In Paris, a down and out medical student Johann Radek (Franchot Tone) is paid by Bill Kirby (Robert Hutton) to murder his wealthy aunt. A knife grinder (Burgess Meredith) is suspected, but ...
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Henry Hobson is a successful bootmaker, a widower and a tyrannical father of three daughters. The girls each want to leave their father by getting married, but Henry refuses because marriage traditions require him to pay out settlements.
Brenda de Banzie
In Paris, a down and out medical student Johann Radek (Franchot Tone) is paid by Bill Kirby (Robert Hutton) to murder his wealthy aunt. A knife grinder (Burgess Meredith) is suspected, but Radek keeps taunting the police until they realize that he is the killer. The police and Maigret (Charles Laughton) are led on chases through the streets and over the rooftops of Paris and finally up the girders of the Eiffel Tower. Written by
Herman Seifer <email@example.com>
I think many reviews mistakenly treat the film as a complex who-done-it with the plot details confusingly handled and thoroughly patronise director Burgess Meredith without understanding the films true intention. The film is something quite different and perhaps unique.
Franchot Tone (Radek)is really excellent as the manic ego-maniac murderer and here's the different and intriguing part - he doesn't try to keep a low profile and evade the investigating policeman, Maigret (Laughton also superb) but instead turns to continually hound him, dog his footsteps, is constantly at his side talking, discussing the case provoking and challenging him. Maigret must live with this intolerable situation in the hope that Radek will betray himself and that he (Maigret) will not betray his own thoughts or the current state of the investigation. Such is the odd relationship that they start to discuss the case as if Radek is a fellow detective. Laughton must keep the game going, keep satisfying Radek's vanity whilst listening, reasoning and trying to trap him.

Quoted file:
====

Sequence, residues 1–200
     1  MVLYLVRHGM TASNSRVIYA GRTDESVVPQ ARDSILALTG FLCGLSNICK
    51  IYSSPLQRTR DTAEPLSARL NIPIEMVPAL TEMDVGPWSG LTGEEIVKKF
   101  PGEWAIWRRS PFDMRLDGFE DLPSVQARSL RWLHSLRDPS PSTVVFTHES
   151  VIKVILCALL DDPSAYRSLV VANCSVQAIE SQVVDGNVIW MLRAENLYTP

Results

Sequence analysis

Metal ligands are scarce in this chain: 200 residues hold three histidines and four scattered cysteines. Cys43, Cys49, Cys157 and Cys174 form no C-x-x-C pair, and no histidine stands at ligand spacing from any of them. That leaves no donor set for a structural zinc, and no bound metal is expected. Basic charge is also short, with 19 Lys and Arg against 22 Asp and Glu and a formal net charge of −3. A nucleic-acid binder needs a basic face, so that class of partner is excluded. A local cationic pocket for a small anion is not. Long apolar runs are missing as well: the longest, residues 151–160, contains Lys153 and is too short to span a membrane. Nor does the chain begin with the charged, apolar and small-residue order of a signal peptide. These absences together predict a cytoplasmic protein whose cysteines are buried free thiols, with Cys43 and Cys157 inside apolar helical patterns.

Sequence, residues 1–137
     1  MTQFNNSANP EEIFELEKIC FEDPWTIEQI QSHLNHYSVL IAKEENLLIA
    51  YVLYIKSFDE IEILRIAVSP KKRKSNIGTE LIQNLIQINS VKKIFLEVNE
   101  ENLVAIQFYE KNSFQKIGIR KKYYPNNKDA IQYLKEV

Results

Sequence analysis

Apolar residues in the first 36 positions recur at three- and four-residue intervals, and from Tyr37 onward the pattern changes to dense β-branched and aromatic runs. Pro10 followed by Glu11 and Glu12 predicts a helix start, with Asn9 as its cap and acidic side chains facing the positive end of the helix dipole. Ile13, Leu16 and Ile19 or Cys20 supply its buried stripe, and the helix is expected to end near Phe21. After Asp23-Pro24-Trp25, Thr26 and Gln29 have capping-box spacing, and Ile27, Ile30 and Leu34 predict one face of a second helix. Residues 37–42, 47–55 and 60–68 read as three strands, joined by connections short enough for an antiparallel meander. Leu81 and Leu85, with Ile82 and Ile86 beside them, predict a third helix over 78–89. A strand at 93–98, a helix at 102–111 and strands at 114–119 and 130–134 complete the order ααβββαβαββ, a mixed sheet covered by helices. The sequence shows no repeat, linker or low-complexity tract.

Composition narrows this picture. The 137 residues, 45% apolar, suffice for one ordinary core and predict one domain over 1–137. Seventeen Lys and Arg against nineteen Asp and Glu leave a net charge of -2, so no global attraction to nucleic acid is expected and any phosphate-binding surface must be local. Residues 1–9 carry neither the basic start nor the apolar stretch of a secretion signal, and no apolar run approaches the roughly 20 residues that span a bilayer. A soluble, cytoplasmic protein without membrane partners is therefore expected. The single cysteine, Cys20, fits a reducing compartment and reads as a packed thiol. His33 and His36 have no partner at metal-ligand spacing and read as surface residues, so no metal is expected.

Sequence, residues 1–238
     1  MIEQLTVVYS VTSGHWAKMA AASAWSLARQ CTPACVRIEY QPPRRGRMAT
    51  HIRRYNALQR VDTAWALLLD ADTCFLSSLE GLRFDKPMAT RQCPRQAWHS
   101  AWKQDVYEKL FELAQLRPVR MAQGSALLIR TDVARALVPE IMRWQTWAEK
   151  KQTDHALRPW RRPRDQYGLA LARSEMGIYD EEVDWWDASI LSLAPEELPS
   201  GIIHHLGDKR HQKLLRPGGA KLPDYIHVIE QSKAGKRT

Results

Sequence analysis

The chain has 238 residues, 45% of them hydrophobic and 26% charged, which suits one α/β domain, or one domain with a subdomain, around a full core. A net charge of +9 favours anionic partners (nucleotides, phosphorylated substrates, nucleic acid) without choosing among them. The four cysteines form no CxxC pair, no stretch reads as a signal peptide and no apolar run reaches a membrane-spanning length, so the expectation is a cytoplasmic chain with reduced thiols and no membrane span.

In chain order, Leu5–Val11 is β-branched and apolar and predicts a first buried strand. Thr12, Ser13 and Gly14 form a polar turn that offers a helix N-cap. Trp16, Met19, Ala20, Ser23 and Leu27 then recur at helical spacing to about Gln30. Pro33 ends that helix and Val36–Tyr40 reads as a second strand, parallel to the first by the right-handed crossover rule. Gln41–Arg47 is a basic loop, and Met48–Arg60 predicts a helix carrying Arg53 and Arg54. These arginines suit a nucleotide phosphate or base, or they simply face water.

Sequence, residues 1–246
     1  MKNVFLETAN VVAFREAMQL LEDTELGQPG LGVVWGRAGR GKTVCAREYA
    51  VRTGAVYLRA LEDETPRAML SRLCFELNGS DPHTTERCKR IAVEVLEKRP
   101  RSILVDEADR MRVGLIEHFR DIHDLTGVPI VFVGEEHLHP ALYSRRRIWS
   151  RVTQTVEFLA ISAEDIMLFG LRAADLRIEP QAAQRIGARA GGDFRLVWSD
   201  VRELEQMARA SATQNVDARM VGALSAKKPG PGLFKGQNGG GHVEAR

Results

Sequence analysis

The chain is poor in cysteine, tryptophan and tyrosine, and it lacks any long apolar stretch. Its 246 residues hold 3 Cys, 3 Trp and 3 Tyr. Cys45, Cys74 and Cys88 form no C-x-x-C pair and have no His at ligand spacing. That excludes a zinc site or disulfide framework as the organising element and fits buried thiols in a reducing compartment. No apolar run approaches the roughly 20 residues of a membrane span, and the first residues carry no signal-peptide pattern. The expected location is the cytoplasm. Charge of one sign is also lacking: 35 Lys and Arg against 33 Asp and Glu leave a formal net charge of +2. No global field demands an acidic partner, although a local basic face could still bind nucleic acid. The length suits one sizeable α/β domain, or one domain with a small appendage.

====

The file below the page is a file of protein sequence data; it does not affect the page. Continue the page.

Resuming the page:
It concludes with a superb chase with something much more - psychological exchanges between Radek and Maigret as to what and where the final moments will be and who will witness them. Radek's wish to in a way triumph, Maigret's humanity in his desire to save the innocent not glory in the death of the guilty but that justice should be done, that he properly acquits himself of his professional duty - to keep his superiors off his back.
The story is not I think not a portrayal of reality but a fantasy. It's detective's nightmare of an adversary who is not elusive and secretive but obvious and ever-present, taunting him, boastfully out-thinking him. In real life no murderer taunts the detective to this excruciating degree in effect exposes himself to questioning. I think it is the nightmare of a harassed detective might have when faced with contradictory and insufficient evidence and the sense that the truth and the criminal are tauntingly close but never ever quite close enough.
A shame about the colour (some parts appearing like sepia) but these days it is fairly easily improvable. The film is a classic - probably if it had been in black and white it might be seen as such
Seen thanks to Talking Pictures TV
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